Reject the Mortal Measure

"Who am I, . . . that I should bring forth the children of Israel out of Egypt?" Ex. 3:11; was Moses' self-depreciating question. Gideon demurred when selected by God to lead Israel's armies: "My family is poor . . ., and I am the least in my father's house." Judg. 6:15; Saul of Tarsus, far from being a Christian, had "made havock of the church" Acts 8:3; with his persecutions. His exposure to the Christ was the more dramatic, leaving him blinded until his efforts were redirected to serve God.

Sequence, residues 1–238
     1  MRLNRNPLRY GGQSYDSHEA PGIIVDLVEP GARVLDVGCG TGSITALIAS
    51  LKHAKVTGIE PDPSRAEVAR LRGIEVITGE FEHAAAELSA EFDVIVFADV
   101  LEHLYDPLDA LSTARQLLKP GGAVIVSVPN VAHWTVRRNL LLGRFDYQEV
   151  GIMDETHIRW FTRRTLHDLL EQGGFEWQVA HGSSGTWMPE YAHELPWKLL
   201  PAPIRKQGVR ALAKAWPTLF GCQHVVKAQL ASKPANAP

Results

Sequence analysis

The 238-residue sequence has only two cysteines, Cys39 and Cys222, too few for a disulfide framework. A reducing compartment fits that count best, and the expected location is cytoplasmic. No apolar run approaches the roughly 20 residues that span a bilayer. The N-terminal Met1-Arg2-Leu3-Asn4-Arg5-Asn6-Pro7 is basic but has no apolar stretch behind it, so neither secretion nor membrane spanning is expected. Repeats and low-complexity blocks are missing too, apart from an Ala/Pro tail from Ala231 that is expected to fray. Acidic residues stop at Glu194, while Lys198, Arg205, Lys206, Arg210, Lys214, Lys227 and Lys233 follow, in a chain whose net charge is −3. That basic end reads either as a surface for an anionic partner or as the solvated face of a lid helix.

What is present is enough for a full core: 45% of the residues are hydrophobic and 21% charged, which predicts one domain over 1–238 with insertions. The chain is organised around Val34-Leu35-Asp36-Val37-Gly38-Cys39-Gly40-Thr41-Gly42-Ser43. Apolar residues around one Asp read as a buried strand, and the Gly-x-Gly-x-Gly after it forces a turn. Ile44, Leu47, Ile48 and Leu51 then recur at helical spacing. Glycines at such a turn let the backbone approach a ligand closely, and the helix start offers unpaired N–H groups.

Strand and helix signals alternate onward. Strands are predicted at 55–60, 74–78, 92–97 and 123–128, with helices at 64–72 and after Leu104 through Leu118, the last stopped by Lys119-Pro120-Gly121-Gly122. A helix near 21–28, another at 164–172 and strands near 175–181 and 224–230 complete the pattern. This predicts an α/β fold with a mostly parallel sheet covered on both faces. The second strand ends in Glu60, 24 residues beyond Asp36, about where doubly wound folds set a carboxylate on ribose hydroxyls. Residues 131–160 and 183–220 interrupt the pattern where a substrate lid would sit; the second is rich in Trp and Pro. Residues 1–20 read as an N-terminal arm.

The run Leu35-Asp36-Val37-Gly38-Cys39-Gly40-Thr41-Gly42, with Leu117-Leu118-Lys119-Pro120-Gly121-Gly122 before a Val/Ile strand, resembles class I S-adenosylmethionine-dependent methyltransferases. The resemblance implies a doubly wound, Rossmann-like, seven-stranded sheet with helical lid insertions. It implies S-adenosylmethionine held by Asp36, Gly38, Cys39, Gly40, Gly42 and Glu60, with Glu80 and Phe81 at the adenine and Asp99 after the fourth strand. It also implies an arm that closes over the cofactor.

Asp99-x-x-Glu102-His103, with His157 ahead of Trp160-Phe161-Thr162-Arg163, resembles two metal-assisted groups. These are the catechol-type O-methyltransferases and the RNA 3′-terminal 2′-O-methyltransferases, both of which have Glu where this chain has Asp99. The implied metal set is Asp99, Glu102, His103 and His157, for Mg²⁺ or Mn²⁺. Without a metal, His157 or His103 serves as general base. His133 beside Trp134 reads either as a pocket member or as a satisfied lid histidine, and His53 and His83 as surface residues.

Each of these men had to reject the mortal measure of what they thought themselves capable of to receive Christ, which Mrs. Eddy describes this way: "Christ is the true idea voicing good, the divine message from God to men speaking to the human consciousness." Science and Health, p. 332;

When we measure our capabilities or those of others humanly, we surrender to mortal limitation. When we assess the future by a human past, we open our thought to erroneous influences—a sense of inferiority or self-condemnation or superiority or even racism (a mistake whether offensively or defensively oriented).

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August 1, 1977

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